Los Angeles councillors have backed an ordinance that would allow real estate developers, landlords and business owners to reduce the number of parking spaces to be supplied their buildings and projects.
According to the Los Angeles Times, the action represents an effort to breathe new life into tanking business districts and drive new housing construction while getting more people out of their cars. Two weeks ago, officials in West Hollywood began allowing smaller businesses on the city’s western edge to pay the city money in lieu of providing a space. The credit for one parking space is just $375 per year.
The current minimum requirement for a commercial business is two parking spaces for every 1,000 square feet of office. A retail store needs to provide four spaces for that amount of floor space and a restaurant must come up with 10. View our previous blog post, ‘Minimum parking to blame for LA’s commercial inefficiency’, which looks at the effect of minimum parking requirements on businesses here.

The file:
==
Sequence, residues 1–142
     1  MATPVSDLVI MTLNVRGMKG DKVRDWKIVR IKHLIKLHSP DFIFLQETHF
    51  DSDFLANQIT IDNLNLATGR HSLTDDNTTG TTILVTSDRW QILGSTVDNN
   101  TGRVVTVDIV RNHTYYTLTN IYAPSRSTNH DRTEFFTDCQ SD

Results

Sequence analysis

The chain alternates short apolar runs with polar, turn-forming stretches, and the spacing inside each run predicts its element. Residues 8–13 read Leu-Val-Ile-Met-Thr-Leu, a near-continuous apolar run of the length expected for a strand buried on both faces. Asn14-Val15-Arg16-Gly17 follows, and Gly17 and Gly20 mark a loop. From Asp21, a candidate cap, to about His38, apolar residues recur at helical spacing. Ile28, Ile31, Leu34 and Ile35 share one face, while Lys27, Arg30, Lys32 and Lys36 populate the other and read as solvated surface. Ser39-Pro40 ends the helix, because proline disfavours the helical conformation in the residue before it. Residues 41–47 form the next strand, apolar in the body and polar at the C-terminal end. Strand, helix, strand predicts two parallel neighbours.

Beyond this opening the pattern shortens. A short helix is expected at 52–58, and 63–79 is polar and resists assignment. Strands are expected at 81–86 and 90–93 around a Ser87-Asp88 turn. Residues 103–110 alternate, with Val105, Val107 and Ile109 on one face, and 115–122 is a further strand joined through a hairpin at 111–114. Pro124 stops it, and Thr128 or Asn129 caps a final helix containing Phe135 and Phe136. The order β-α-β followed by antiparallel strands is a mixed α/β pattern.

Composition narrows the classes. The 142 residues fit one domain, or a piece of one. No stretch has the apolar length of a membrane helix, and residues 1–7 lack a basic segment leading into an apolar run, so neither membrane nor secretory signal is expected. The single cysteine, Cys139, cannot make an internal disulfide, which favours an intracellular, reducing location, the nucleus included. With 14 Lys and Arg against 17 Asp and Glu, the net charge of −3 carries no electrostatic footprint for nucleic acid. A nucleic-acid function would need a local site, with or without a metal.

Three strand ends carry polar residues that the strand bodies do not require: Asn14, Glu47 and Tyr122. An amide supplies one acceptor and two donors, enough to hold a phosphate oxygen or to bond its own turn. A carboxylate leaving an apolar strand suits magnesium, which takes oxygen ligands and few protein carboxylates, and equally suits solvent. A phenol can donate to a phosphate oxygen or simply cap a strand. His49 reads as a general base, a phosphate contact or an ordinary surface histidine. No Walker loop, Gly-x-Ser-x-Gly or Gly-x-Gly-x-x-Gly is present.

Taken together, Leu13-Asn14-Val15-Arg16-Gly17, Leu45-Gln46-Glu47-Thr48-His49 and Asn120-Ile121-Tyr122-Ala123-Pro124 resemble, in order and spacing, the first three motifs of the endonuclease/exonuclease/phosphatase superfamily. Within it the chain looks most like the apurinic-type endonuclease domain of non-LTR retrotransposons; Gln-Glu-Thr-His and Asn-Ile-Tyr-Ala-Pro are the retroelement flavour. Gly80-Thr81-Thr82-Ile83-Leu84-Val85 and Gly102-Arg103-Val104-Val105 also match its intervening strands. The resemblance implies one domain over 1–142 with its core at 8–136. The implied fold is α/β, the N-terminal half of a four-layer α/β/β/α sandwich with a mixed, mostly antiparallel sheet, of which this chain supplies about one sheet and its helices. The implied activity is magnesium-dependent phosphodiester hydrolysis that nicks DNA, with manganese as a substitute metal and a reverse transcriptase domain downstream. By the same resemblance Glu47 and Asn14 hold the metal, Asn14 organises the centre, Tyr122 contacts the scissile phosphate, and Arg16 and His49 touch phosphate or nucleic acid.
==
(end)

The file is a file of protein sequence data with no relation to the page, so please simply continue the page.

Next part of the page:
A range of changes are being implemented and considered throughout the city from converting older empty office buildings into residential units, reducing parking around key subway stations, removing the requirement for developers to provide parking on the same site as the development, and even the possibility of introducing permits to reduce parking without a lengthy review process.
Flexible parking rules should be ‘the norm’ in Los Angeles, recognising (perhaps for the first time) that the city’s residents can actually walk a block or two to a restaurant, a movie theatre, or a wine bar.